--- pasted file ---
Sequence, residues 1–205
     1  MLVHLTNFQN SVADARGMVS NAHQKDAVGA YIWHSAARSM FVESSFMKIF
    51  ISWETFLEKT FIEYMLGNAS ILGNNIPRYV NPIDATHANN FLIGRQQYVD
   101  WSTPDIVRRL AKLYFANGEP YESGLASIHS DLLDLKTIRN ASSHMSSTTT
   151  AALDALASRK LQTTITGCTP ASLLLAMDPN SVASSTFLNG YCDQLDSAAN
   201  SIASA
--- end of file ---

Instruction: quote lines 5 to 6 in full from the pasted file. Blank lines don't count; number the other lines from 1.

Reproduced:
   151  AALDALASRK LQTTITGCTP ASLLLAMDPN SVASSTFLNG YCDQLDSAAN
   201  SIASA